Spider-Women Alpha #1 Story: Dennis Hopeless, Jason Latour, Robbie Thompson Script: Robbie Thompson Pencils: Vanesa Del Rey Colors: Jordie Bellaire Letters: Travis Lanham Publisher: Marvel
The Spider event of 2016 is here as Spider-Woman, Spider-Gwen, and Silk come together for an eight part crossover event. Spider-Women Alpha #1 is the first installment and sets up the synopsis and overall plot moving forward. How does this comic with 3 story credits turn out?
Gwen Stacy, Spider-Gwen, pays a visit to Earth-616 to meet up with Jessica Drew, Spider-Woman and Cindy Moon, Silk for brunch. After leaving Jessica’s new born baby with a babysitter named Roger, the three of them head back to Gwen’s Earth-65 and go to a “restaurant” that was not at all what Drew needed. After a nice “When Harry Met Sally” homage and a fun acton scene, Gwen discovers that her “dimensional travel watch” has gone missing(stolen unbeknownst to them). With the three of them stuck the hunt is on to find the watch’s whereabouts and get back to Earth-616.
Writer Robbie Thompson does a solid job of capturing Gwen’s voice that Latour has established. She has a bit of a rebellious and punky attitude and her dialogue feels very natural and not at all out of place. I’m currently not reading Spider-Woman or Silk but the way they’re presented in this issue intrigues me to jump on their series. Jessica is dealing with the conflicting lives of super-heroine and motherhood. Cindy is dealing with family and personal identity issues. Thompson has done a solid job of providing enough background and context to know where the characters are at without going into expository dialogue. The story is well paced, the premise is competently set up, and the three characters work off one another naturally. It doesn’t feel forced.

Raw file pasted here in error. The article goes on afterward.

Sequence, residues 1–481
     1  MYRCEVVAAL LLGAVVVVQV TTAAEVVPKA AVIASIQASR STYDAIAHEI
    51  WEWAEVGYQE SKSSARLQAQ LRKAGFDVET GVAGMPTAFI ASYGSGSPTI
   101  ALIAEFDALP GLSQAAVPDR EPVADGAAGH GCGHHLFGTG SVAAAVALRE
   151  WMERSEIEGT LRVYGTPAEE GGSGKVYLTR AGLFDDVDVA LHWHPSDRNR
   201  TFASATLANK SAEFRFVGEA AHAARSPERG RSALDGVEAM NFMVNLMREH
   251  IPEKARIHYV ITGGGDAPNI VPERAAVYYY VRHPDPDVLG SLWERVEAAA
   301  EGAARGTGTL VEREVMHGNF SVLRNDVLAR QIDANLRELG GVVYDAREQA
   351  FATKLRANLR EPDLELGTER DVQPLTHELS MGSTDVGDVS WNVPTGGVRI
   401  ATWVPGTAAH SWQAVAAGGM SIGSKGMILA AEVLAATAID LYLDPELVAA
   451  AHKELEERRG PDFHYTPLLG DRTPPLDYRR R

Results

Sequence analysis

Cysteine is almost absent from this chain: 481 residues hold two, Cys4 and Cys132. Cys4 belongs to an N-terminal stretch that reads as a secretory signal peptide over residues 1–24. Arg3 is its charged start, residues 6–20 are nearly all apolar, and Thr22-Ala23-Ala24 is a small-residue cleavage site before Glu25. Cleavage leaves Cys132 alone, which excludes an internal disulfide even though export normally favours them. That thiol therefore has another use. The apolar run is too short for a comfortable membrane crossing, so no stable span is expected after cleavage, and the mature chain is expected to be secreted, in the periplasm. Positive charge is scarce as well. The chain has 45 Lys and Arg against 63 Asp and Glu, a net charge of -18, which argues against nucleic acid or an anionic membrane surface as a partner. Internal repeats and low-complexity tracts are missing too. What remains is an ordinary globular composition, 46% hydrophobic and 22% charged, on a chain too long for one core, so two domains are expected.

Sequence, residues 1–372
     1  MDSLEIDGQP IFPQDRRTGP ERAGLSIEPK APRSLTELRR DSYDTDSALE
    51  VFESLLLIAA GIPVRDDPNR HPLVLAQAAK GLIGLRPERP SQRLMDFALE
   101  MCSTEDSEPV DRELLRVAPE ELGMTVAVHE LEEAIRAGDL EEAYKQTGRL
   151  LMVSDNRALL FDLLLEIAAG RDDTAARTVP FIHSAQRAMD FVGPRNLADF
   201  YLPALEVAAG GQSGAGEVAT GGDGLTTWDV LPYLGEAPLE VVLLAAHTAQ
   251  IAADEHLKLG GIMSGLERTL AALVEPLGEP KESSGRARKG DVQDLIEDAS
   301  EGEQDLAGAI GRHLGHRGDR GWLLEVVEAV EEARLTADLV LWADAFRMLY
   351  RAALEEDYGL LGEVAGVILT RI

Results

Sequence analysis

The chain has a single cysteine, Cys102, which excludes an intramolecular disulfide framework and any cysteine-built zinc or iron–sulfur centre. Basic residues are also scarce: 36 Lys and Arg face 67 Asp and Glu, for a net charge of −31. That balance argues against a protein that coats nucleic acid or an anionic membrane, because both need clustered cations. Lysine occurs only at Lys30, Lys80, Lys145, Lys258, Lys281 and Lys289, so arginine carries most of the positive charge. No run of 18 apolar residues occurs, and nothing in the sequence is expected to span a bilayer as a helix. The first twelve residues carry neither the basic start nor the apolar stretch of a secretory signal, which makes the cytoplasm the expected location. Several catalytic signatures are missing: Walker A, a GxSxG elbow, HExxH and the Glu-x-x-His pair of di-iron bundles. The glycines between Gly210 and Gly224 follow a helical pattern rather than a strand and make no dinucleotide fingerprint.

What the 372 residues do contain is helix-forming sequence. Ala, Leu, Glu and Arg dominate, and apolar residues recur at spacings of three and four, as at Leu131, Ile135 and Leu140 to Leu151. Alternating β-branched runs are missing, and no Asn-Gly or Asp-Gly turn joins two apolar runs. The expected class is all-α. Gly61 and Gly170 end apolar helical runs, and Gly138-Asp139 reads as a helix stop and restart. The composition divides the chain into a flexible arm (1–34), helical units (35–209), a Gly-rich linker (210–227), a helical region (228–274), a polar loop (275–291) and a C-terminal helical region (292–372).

I’m unaware if this was set up in the other series but Spider-Gwen didn’t give any previous clues, non that I can recall, as to who is behind causing our terrific threesome’s turmoil. The issue does a nice job of giving specs and glimpses of the antagonists and when the reveal of the leader does come, it’s a genuine surprise that was set up and hinted at in a previous conversation. A line that is well hidden as it doesn’t feel out of place and can easily be overlooked.
The pencils in this issue is done by Vanesa Del Rey and she’s done great work with books like Scarlet Witch. However that is a character with themes of the fantastical and the mystical arts where her sketchy style fits. Here it doesn’t fit and the characters and story called for a style with more solid lines and clarity. The coloring, by Jordie Bellaire, unfortunately has the same issue. It works well with Rey’s pencils but doesn’t fit the vibe of the story and characters. Hopefully when the event goes into the solo series the artwork will be able accent the story.
Spider-Women Alpha #1 is a strong start to the crossover and competently introduces its audience to its characters and premise for the 8 part event. The story looks like it can be a lot of fun and can pull readers into other female-spider themed characters series that they aren’t reading. The dialogue feels natural and on point in capturing the characters identities. It’s a downer that the artwork is a miss in reflecting the story and characters voice. Fortunately though the reveal in the final page and previously stated positives is more then enough to return for the next installment.
Score: 3.5 out of 5
Review by Eric Bradach